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Friday / April 19.
HomeminewsRaging Bushfires, Dense Smoke, Sore Eyes – What’s the Solution?

Raging Bushfires, Dense Smoke, Sore Eyes – What’s the Solution?

With fires raging around the outskirts of Sydney, torching homes in the Blue Mountains and threatening property in the Illawarra and Hunter Valley, we’re all reminded of the multitude of lives lost in Melbourne in 2009, those in Canberra in 2003 and well back into history.

There’s much the eye care community can do to provide people who’ve run from their homes with only the clothes they’re wearing… replacement glasses, contact lenses, contact lens solution, and medications to begin with.

Gavin Bigland from Bigland and Cowley Optometrists in Springwood in the Blue Mountains told mivision he’d had a trail of people coming in for assistance.

“We’re very close to the bushfires which have destroyed about 200 houses. The fire just took hold so quickly.

“A lot of people who’ve lost their homes are our patients. They’ve been coming in dribs and drabs for contact lenses or glasses. They look so despondent. We’re just trying to replace whatever they’ve lost at cost – we don’t want a profit. I don’t know what each patient’s financial situation is right now but I know they’ll have some big expenses coming.”

Mr. Bigland said he had secured assistance from eyewear suppliers.

“I’ve chatted to Essilor and Hoya and Domani frames, I’ll talk to more over the coming days – and they’re happy to help out by providing frames and lenses at minimal cost to the patients.”

Victorian optometrist Peter Merrington had his home in Gisborne in 1983 when fires swept through. “My family was evacuated and I can remember coming into Gisborne the next morning. Some of the local towns had been pretty much destroyed and sadly quite a few residents had perished. I went to the Shire Chambers to help out and most of the people sitting there were totally dazed and in shock – they were in that state for a long period of time.”

Twenty six years later, during the 2009 fires in Victoria Mr. Merrington publicly offered victims of the fire free spectacles.

Johnson and Johnson Vision Care’s Professional Affairs Director Luke Cahill, travelled to Victoria with a team during the 2009 fires to work on the ground. Speaking of the experience, he told mivision at the time, “replacement ready-mades and sunglasses remained popular, but we soon found eye drops were in strongest demand this close to the site of the bushfire’s worst destruction. Clearly, sustained exposure to smoke, ash and grit had caused immense irritation to peoples’ eyes over time.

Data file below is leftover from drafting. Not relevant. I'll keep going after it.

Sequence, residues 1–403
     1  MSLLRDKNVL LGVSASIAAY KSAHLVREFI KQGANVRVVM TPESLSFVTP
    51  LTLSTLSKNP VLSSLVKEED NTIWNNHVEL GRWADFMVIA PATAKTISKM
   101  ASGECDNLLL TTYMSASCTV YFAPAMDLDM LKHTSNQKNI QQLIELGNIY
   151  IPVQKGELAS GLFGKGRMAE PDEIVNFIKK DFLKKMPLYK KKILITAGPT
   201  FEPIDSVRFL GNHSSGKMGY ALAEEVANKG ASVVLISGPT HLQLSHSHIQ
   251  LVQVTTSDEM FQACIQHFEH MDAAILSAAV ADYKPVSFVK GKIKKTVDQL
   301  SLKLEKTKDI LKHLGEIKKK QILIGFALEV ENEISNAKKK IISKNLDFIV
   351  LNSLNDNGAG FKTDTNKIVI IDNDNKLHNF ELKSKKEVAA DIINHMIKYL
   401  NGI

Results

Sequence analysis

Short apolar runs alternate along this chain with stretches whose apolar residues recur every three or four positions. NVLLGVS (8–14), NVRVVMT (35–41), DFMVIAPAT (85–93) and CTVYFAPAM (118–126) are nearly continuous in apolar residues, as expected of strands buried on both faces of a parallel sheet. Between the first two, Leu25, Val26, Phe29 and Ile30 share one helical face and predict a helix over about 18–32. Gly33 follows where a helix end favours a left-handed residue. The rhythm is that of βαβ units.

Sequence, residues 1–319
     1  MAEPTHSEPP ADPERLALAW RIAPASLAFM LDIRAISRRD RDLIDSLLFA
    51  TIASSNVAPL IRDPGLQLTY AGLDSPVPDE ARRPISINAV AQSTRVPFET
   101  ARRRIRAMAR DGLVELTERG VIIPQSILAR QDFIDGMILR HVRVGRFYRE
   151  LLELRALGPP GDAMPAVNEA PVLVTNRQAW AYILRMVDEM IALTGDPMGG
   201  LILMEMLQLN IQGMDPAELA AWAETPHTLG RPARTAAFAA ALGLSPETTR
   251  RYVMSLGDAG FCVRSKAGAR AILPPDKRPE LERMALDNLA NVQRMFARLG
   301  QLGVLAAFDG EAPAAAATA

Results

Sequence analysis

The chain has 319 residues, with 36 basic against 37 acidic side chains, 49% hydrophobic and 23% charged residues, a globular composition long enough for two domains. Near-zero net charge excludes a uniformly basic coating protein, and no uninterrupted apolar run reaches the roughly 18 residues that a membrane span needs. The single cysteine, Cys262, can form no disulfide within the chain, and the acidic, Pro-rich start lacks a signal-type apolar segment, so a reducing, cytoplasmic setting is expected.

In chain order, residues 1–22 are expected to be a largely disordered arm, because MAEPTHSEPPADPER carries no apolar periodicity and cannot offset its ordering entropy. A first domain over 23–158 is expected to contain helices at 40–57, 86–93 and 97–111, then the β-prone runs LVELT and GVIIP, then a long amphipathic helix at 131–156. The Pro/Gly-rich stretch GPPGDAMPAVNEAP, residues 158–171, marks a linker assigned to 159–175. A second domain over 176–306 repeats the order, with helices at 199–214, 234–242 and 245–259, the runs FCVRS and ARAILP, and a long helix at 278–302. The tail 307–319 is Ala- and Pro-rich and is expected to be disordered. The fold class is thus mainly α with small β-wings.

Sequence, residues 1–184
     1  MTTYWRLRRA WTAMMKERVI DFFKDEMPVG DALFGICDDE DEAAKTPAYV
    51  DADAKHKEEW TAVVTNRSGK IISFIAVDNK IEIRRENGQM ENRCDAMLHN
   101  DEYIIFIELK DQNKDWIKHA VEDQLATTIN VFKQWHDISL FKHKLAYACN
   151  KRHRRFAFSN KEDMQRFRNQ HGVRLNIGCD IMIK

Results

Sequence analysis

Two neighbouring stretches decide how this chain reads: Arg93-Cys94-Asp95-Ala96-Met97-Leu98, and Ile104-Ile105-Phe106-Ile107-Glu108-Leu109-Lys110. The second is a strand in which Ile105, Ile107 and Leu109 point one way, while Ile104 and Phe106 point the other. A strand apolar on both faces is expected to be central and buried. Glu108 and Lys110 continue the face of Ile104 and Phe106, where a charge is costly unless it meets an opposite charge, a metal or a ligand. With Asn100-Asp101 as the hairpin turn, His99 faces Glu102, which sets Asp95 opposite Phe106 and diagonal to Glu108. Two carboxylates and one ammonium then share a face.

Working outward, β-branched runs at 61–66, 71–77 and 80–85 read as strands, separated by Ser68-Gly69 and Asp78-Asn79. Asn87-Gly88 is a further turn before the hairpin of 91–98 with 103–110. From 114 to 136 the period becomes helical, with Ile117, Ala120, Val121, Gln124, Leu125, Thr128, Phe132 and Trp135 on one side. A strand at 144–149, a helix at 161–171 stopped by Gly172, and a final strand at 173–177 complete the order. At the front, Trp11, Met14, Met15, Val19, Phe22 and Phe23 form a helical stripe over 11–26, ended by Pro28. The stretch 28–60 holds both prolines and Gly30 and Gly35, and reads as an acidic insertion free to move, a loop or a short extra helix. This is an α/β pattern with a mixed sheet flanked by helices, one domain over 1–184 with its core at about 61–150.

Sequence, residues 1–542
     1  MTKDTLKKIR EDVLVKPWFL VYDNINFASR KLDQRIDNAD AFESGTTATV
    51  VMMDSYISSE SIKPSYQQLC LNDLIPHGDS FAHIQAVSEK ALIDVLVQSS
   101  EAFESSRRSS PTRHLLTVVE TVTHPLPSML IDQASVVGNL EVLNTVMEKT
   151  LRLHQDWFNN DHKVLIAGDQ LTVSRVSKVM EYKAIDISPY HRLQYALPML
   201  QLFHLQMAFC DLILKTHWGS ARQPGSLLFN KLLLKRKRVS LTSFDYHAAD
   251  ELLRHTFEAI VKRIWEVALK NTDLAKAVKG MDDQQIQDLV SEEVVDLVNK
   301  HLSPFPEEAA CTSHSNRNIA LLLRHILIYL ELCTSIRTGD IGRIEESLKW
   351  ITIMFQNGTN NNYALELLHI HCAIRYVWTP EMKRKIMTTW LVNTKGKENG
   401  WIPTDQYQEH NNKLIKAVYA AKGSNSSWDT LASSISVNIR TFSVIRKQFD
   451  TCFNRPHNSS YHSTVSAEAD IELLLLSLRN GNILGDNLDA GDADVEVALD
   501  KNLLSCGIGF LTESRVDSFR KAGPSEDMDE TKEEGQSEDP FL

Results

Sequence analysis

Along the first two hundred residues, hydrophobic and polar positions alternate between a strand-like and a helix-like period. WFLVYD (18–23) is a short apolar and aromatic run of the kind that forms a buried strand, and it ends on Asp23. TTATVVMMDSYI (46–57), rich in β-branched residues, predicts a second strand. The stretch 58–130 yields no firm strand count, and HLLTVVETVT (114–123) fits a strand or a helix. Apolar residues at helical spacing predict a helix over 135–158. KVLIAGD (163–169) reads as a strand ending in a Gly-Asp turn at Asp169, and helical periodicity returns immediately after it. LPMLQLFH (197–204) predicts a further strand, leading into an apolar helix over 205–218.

“By the end of the van’s journey through the devastation zone, we had dispensed some 500 pairs of ready-mades, 1000 pairs of sunglasses and 800 boxes of eye drops to victims, affected residents, firefighters and other involved in the relief effort.”

Associate Professor Colin Chan from Vision Eye Institute said some groups of people will find the bush fire season less easy to cope with than others, from an ocular perspective.

“The smoke and ash falling will contain fine irritant particles. These will cause more irritation to people who already have reduced tear clearance, poor tear films or stronger inflammatory responses to environmental stressors. The people at risk are therefore the elderly, dry eye and allergy sufferers and contact lens wearers and people whom have had recent ocular surgery.

“My message is pretty common sense: avoid going outside, wear protective eyewear and use plenty of artificial tears to protect against and flush out any particles.”

However, optometrist Jim Kokkinakis warms against recommending any old tears.

“Having worked in a smoked filled environment as a young optometry student (behind a bar in the very early 80s) I can assure you I know first hand smoke is tough on the eyes.

“Unfortunately, the first place that patients end up from red, irritated eyes is a pharmacy. They have a number of go-to products, which really are unhelpful. Decongestants are often prescribed by pharmacists as the presenting complaint is redness. The problem with these drops is they are quite addictive and they perpetuate the redness cycle. The second problem is nearly all bottled drops have preservatives, which in turn can cause toxicity reactions to the eye.

“Our approach invariably is to prescribe preservative free lubricants, of which there are many, and to avoid decongestants. Combining these two things with already irritated eyes is a recipe for ongoing issues.”

Mr. Merrington had some sage advice to offer optometrists working in areas struck by bush fire “Optometrists, particularly those in independent practice, are very used to spending time with patients and talking with them. I think they’re just going to have to do just that.”

You can contribute funds to support victims of the NSW bushfires.
St Vincent de Paul: www.vinnies.org.au/nsw-bushfire-appeal-nsw
Salvation Army: www.salvos.org.au